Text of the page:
Don’t be this guy. Ever.

It’s really too bad that BART nixed its whole “Who’s the biggest asshole on BART” contest, or whatever it was, because this guy could be a contender.

He was on a super-crowded SFO Airport-bound train, not only hogging both halves of the disabled seat but pretending to be asleep so nobody could oust him. How do I know he was pretending? He did finally relinquish half the seat when a woman asked him to, and she didn’t have to wake him up to get the job done.

Seriously, people. If you sit down in one of these seats, and you are not disabled, elderly, pregnant, etc., it is not yours to keep. It’s your responsibility to keep an eye out for the folks who DO need these seats, and to make sure you give it up if someone needier boards the train. In fact, it’s against the law NOT to.

Looks like I’m not the only one peeved about this.

— Beth W.

* originally posted 2.4.09 at Muni Diaries.

It’s 5:45 A.M. at El Cerrito (w/update)

crowded BART train
Photo by Flickr user susan magnolia

Update (7:52 a.m.): The Bay Bridge is open to car traffic, according to CBS 5.

Original post: This just in from Mac, who doesn’t seem to think this unexpected day of no Bay Bridge has started off too well.

It’s 5.45am, and the platform at El Cerrito plaza is unusually busy. I hopped the first sf train (8 cars), and there are 4 open seats after I sit, and we’re not even in berk yet. Bart announced that despite the bridge remaining closed for un unexpected extra day, it won’t be running extra trains today. The bridge carries 250,000 cars per day. BART’s suggestion to commuters on KRON news last night was to telecommute (aka ‘snow day’). Newsflash to Bart: People don’t commute in for jollies, they commute because they have to. And today looks to be especially unpleasant.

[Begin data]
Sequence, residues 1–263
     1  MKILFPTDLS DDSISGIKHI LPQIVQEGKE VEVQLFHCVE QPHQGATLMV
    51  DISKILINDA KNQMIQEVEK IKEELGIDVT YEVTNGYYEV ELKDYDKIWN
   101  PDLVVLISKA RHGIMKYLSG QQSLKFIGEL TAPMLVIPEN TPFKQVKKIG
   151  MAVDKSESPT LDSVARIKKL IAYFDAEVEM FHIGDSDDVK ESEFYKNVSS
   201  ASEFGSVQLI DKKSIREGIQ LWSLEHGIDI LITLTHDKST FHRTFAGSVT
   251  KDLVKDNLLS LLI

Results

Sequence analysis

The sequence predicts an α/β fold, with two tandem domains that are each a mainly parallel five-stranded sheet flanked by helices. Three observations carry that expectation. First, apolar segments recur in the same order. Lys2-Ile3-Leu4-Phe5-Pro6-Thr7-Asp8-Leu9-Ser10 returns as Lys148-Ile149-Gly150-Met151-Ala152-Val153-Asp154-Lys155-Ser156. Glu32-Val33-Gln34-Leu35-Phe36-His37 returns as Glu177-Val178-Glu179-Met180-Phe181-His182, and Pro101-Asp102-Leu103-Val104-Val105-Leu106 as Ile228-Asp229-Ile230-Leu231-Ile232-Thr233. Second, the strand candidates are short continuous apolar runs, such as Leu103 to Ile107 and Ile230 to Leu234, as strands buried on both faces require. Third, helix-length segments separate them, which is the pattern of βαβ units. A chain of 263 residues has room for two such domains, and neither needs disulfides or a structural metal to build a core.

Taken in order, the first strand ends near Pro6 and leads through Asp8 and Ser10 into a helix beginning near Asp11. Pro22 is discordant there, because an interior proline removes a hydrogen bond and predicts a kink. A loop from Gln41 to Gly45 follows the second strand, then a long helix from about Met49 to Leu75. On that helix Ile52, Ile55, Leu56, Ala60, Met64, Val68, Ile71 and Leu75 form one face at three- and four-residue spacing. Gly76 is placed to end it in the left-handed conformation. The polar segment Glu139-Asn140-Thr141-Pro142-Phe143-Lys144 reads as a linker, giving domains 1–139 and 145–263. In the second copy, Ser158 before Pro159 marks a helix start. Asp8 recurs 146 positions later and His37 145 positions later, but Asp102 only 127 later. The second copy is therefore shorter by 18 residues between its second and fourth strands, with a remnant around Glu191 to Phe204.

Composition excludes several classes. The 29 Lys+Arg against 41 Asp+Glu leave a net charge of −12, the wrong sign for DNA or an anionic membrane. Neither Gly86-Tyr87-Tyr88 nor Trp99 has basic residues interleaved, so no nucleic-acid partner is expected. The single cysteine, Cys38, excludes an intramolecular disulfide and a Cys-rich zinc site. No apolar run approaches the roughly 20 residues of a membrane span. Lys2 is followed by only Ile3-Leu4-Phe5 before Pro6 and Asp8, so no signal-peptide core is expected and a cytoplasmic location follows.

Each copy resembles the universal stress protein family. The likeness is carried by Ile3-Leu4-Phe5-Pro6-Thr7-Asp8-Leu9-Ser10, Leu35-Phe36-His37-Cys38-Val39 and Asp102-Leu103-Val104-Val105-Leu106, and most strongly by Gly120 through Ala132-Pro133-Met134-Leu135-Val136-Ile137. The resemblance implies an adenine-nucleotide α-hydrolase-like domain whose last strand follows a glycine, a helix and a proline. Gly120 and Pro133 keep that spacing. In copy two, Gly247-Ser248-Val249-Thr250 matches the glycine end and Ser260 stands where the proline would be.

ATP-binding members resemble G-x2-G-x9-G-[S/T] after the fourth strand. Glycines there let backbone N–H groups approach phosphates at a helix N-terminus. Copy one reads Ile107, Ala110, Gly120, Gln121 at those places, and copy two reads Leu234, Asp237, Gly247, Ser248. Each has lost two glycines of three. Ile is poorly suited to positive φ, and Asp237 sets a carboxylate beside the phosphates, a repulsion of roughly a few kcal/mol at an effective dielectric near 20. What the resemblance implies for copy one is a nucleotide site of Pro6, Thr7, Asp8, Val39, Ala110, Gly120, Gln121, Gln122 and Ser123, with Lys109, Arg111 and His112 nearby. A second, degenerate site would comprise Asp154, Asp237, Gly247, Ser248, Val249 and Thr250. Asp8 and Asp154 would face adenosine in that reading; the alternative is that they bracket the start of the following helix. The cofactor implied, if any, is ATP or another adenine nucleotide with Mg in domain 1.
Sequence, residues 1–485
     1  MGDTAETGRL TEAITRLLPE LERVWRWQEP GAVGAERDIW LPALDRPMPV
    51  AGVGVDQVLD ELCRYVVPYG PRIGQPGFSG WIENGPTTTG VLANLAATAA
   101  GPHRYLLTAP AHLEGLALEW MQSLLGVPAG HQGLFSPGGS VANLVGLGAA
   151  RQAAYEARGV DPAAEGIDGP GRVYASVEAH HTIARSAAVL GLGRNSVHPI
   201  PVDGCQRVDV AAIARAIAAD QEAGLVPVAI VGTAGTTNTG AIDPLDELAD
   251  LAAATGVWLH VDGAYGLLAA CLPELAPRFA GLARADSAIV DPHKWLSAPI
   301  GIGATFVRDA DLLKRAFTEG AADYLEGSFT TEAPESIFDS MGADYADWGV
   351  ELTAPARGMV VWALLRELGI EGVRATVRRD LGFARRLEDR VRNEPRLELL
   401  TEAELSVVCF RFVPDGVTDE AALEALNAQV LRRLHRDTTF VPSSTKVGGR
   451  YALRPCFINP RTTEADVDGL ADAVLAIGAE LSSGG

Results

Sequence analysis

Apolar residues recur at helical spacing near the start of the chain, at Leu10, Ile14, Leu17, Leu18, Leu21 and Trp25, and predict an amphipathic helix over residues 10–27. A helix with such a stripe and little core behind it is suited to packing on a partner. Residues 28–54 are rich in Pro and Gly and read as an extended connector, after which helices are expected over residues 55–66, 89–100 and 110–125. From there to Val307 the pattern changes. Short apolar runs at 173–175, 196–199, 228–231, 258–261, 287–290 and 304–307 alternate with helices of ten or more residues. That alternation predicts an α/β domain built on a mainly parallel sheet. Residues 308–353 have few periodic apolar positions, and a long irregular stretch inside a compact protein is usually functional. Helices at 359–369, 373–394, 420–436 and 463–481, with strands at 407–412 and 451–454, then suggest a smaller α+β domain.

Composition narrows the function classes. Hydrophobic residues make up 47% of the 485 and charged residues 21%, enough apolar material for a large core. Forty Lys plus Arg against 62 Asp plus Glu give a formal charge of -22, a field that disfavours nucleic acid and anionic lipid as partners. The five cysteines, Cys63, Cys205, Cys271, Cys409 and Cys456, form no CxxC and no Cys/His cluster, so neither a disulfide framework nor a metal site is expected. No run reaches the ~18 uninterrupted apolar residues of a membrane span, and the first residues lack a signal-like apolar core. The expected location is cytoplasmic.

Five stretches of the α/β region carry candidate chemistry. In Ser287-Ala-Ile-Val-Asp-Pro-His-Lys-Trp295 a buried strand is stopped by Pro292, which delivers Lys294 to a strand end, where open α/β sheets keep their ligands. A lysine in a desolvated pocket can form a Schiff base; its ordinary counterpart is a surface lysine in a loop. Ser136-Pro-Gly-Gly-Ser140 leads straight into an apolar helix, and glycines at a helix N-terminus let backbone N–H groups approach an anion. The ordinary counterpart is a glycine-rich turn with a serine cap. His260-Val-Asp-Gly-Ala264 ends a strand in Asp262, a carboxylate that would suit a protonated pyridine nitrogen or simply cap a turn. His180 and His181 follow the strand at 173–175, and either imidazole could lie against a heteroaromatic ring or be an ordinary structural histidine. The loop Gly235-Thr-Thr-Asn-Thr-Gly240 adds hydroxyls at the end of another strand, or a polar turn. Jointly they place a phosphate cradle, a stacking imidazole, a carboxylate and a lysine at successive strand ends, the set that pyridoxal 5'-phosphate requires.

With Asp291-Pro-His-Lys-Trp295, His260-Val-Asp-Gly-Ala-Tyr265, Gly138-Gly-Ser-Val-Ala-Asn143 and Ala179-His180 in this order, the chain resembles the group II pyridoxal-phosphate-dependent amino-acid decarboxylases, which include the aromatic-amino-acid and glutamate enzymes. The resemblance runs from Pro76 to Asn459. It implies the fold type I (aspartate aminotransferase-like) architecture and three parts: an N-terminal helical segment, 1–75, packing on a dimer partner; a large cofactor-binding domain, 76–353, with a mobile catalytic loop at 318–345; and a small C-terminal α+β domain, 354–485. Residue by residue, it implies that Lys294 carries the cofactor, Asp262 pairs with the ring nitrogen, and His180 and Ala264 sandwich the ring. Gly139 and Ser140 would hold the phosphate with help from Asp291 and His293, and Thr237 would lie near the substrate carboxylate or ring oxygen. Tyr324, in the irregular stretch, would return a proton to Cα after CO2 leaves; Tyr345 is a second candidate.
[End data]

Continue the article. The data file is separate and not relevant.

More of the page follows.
Let us know how your commute is going today:

Cameras, plugs and actually correct engineering choices

Photo by Devin

Several months back, BART replaced all the cameras in Embarcadero station. I have no idea why — there were tons of cameras in that station already. “Replaced” isn’t the right word, of course, because they didn’t remove the old ones, just installed dozens more, often pointing at the same things. At a guess, the new ones don’t work yet and they won’t remove the old ones until that’s corrected. Or, knowing BART’s ability to do technological upgrades, the new ones will never work properly, so they’ll all stay up, gathering dust and grime and preventing no crime or disorder at all. At a wild guess, the only reasons Embarcadero is so richly endowed with cameras are (a) it’s full of tourists getting their pockets picked, and (b) part of the station is underneath the Federal Reserve Bank, engendering a sort of mutually reinforcing bureaucratic paranoia.

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